Monday, February 11, 2013

The little record that could....and did...prove Elvis' appeal

On Sept. 9, 1954, a young rockabilly singer played at the grand opening of a shopping center; he was paid $10 to perform on a flat-bed truck parked in front of the Katz Drug Store. The next day he began a long session of recording at a local studio. He worked for hours on several song covers which were never released.

Finally things fell into place while he and the studio group were covering the 1948 r&b hit "Good Rockin' Tonight." Later that day, or maybe the next day, he recorded a pop tune he had heard in a movie, "I don't care if the sun don't shine."
These two sides became Sun 210, released on Sept. 25, 1954.
That night, Elvis appeared at the Eagle's Nest Club with the Tiny Dixon Band. The single record release, Elvis' second, would not hit big. But artistically, this Sun single represents one of the best performances of Elvis' career.

This is the original Sun 210 single. There's something special about owning it.
As life neatly arranges itself into archives with the help of computers, this unmistakable artifact reminds us of the mechanical and agricultural age when popular music started to rock and roll, as if creating a vulgar secular church.
Condition of the grooves in this Sun rarity is very good, and both sides play through nicely, with all the excitement of early Elvis on wax.
The label has some ring wear but no markings. There's a slight smudge on the author credit of "Good Rockin' Tonight"-- the word "Brown" can be read but not the word "Roy." (Both Roy Brown and Wynonie Harris had previous hits with this song). The artist credit is Elvis Presley Scotty and Bill.
From the earliest days of "big hole" 45 rpms-- innovated by RCA Victor as a game changer in the competition against Columbia (which invented the LP album)-- there were two "flip" sides. More often than not, the record would have a fast song on one side and a slower song on the other. It was also assumed that only one of the songs could be promoted enough to get wide radio airplay.
The term "rhythm and blues" is said to have been concocted because a 45 rpm might have a "rhythm" tune on one side and a "blues" on the other. Often these records contained music that would not be heard on radio. There would have to be strong encouragement to play a song on the radio if the artist was perhaps not caucasian. A few pioneering DJs were up to the task, especially if they had black listeners. The rest of the radio community needed an umbrella concept that was as lily-white as their baby boomer audiences. The concept became known as "rock 'n roll." The packaging of this idea coincided with television stagings such as "American Bandstand" and record promotions such as the ones pioneered by Alan Freed and other DJs. Almost as soon as the term "rock 'n roll" (originally a black coinage) was applied to the music, "rhythm and blues" became "oldies but goodies" or just "oldies." Many rhythm and blues records were exported to England to help create the "British Invasion" sound of the 1960s. British youth did not see the racial baggage in the music that the parents of their American counterparts saw. When Paul McCartney was making girls swoon by imitating LittleRichard, no American artist could pull off the same thing. White American kids needed their black music safe.... Motown and Berry Gordy accommodated this need.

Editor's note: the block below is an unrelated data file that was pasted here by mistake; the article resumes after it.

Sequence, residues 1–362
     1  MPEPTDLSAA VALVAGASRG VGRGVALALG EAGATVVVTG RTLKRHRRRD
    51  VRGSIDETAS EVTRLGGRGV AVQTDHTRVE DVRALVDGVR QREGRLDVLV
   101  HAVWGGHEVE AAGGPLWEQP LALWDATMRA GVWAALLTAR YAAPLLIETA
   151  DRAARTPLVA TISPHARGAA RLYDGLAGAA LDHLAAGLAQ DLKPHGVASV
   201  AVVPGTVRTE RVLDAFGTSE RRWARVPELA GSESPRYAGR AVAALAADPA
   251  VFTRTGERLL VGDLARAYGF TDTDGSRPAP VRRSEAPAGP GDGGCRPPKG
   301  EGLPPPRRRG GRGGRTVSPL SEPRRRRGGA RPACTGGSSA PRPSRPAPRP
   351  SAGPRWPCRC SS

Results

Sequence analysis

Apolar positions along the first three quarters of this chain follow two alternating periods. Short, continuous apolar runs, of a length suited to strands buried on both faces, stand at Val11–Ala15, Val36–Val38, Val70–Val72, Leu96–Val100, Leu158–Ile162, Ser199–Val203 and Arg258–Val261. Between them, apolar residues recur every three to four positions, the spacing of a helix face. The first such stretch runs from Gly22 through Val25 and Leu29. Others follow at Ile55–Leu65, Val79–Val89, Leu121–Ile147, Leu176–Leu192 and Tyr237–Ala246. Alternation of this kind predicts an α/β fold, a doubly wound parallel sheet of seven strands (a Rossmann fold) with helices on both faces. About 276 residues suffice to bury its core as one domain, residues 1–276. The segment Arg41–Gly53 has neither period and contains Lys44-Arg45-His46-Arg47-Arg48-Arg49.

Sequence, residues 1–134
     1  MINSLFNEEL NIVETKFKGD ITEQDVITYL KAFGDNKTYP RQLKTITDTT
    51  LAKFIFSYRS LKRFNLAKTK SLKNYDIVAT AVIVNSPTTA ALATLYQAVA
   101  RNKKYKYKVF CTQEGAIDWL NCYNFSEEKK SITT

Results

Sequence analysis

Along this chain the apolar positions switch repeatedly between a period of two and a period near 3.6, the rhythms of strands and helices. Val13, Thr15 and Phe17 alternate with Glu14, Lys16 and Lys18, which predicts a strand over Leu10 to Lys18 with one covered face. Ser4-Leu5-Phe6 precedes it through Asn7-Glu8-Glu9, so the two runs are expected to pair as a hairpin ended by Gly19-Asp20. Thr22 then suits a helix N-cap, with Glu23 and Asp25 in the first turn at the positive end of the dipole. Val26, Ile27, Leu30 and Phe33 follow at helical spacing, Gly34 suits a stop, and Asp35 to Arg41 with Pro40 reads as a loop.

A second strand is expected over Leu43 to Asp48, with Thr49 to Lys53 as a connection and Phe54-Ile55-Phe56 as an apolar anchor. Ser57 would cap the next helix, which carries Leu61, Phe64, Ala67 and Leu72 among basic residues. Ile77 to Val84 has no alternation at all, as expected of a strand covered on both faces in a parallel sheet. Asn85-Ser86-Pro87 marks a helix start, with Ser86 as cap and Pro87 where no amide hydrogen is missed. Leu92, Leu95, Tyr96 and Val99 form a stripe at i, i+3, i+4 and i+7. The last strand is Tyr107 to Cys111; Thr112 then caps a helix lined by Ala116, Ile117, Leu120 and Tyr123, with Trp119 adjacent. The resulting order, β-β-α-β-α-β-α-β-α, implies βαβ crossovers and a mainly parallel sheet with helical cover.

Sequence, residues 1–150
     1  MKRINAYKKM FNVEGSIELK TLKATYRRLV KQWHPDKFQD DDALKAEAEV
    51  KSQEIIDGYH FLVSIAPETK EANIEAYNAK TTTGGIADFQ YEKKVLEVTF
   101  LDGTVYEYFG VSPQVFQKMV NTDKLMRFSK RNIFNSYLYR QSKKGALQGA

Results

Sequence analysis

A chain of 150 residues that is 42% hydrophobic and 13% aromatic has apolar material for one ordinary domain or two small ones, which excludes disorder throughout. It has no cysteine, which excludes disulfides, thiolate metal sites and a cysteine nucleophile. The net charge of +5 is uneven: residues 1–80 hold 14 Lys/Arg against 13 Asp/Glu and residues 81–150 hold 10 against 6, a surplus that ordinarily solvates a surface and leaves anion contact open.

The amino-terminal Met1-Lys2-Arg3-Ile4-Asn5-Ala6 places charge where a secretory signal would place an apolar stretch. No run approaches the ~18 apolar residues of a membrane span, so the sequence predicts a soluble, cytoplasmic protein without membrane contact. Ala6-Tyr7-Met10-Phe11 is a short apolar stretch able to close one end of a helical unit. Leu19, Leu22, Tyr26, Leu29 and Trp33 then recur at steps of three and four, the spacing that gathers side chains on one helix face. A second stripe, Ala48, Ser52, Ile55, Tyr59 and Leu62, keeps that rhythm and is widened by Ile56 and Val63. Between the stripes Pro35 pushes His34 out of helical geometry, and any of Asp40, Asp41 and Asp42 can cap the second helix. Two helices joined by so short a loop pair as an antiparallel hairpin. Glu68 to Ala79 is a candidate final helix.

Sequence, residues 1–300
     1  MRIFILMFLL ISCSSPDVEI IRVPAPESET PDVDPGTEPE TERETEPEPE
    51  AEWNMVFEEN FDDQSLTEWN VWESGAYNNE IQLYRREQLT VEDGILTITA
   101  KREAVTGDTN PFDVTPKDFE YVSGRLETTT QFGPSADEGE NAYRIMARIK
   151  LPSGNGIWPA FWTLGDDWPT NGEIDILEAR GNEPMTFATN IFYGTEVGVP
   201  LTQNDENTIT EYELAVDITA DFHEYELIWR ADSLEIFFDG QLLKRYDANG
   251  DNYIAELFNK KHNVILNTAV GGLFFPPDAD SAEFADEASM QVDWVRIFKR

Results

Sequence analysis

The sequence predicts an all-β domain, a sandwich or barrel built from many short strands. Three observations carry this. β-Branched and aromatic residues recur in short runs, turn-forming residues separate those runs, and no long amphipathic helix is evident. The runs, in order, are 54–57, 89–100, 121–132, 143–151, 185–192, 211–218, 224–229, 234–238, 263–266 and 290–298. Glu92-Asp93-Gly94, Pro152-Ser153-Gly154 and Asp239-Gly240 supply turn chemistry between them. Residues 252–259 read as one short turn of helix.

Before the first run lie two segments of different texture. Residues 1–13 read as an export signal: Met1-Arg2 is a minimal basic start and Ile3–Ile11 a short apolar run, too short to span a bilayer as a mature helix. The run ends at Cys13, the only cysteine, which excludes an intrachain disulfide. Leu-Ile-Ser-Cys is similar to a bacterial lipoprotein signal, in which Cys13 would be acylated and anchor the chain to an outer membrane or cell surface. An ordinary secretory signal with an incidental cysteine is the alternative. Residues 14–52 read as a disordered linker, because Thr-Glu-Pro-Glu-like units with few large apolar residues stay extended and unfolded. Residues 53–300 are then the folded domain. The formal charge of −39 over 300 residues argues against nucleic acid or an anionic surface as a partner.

Elvis Presley was not only a caucasian, he was an equal opportunity offender. He appropriated music from the rural country and from race "rhythm and blues" artists and became one of the top pop artists of all time. He was one of the "white boys" who could carry "rhythm and blues" into the white community under the moniker of "rock 'n roll." His touring throughout the South in the mid-1950s also helped pioneer the development of rockabilly music, which reached popularity later with artists such as Buddy Holly.
The example of Sun 210 is historically perfect in showing the "flip side" numerology of the 2 sided 45 rpm. The songs on this record are one side "rhythm (and blues)" and the other side "pop country." Elvis Presley could do genuine versions of each, adding his own touches. The 45 rpm was the perfect medium for him. This was his 2nd 45 rpm record with Sam Phillips for the Sun label.
The round punch marks on the label, for juke boxes, are present in this Sun 210, distinguishing it as an original. Trail-off numbers in the deadwax are U-130-45-72. The record is in a plain white sleeve. It is worth well over a thousand dollars. It plays well and is in VG condition.

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